For those of you who’ve been around for more than a year, you likely remember us making the same sort of grandiose statements last year around this time, excited by the proposition of new 10th-gen Intel-based Chromebooks and the slew of MediaTek MT8183-touting Chrome OS devices we were expecting. While some of those devices showed up and showed out (I’m looking at you Acer Chromebook Spin 713 and HP Chromebook x360 14c), lots of devices were delayed and we’re still here waiting for their eventual arrival a full year later.
Much of this is obviously due to the pandemic and the shock it put on manufacturers and supply chains in the spring, but no excuses change the fact that we didn’t quite see the massive tidal wave of Chromebooks we were hoping for in 2020. It doesn’t matter why they didn’t all make it to market, it only matters that they never materialized, and this leaves us with a backlog of devices that likely won’t make it to store shelves in 2020.
Mix these lingering 2020-bound Chromebooks with a massive uptick in Chromebook adoption, far more manufacturer interest, and a huge increase in chipset options moving into 2021, however, and you have what feels very much like the calm before the storm here in the latter parts of 2020. While we thought there was a lot of Chromebook hardware on the way in 2020, there’s almost no real comparison as we move into 2021. There are now a total of 9 different families of devices we’re tracking as we move into the new year as compared to the couple big groups we were expecting in 2020, so let’s quickly recap them.
Read full article 2021 Predictions for ChromeBook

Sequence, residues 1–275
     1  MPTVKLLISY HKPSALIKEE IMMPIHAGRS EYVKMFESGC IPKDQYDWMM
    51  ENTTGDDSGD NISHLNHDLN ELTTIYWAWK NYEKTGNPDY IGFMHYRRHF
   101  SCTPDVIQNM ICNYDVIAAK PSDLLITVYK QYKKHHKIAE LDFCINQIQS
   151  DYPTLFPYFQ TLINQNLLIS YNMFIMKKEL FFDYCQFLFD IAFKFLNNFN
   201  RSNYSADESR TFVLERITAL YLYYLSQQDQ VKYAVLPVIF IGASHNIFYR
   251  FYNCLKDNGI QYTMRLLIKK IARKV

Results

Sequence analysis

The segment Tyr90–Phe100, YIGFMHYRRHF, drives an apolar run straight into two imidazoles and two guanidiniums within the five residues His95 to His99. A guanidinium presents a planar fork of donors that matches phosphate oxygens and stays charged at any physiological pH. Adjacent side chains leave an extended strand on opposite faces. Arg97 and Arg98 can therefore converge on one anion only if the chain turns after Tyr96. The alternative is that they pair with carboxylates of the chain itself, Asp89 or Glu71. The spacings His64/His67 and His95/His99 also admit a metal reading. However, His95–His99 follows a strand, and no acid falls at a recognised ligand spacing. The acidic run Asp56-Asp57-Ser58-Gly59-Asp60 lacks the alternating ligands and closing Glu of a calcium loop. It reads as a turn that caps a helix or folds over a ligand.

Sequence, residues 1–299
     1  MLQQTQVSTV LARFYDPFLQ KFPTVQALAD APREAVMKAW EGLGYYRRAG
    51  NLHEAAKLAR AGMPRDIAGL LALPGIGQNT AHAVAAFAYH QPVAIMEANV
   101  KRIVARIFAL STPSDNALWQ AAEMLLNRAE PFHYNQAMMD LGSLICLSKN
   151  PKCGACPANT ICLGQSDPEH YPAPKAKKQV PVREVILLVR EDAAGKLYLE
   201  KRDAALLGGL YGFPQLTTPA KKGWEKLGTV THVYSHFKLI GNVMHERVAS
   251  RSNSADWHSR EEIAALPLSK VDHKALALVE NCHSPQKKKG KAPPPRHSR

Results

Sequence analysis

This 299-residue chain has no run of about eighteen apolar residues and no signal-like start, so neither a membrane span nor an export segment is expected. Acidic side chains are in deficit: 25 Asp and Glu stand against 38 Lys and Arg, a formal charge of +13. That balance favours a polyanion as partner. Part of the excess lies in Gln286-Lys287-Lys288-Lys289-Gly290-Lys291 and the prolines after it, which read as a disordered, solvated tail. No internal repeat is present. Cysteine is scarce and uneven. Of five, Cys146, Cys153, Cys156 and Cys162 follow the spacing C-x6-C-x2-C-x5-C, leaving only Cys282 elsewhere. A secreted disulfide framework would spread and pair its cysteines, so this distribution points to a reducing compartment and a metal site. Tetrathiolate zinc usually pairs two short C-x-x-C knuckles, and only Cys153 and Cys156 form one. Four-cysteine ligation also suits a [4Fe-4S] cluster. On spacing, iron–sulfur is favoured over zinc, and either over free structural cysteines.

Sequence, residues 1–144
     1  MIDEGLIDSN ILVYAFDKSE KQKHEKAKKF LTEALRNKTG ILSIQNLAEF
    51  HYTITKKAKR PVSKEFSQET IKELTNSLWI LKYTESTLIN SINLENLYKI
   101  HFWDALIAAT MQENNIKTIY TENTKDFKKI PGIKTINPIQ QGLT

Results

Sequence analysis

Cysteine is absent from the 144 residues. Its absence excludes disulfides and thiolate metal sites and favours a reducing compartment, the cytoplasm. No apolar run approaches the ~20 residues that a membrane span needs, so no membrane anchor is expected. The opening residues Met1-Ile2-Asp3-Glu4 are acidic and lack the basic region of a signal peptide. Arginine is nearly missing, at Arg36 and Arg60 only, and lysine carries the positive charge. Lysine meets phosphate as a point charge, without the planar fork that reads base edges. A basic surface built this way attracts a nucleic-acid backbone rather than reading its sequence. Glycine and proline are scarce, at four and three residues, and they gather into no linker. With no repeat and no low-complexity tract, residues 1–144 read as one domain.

Since 1999, Thinclient.org has been reporting the thin client computing market as well as the ChromeBook, Zero Client, Android clients, Pi Raspberry Clients and Thick Client market. Generally the cloud computing market since it started with companies such as Citrix back in the late 80s.
A thin client is a lightweight[vague] computer that has been optimized for establishing a remote connection with a server-based computing environment. The server does most of the work, which can include launching software programs, performing calculations, and storing data. This contrasts with a fat client or a conventional personal computer; the former is also intended for working in a client–server model but has significant local processing power, while the latter aims to perform its function mostly locally.
Thin client hardware generally supports a keyboard, mouse, monitor, jacks for sound peripherals, and open ports for USB devices (e.g., printer, flash drive, webcam). Some thin clients include legacy serial or parallel ports to support older devices such as receipt printers, scales or time clocks. Thin client software typically consists of a graphical user interface (GUI), cloud access agents (e.g., RDP, ICA, PCoIP), a local web browser, terminal emulators (in some cases), and a basic set of local utilities.
New hardware interfaces includes socket-based enabled devices eliminating the need for a physical USB connection. Bluetooth wireless connectivity is also a big factor for devices.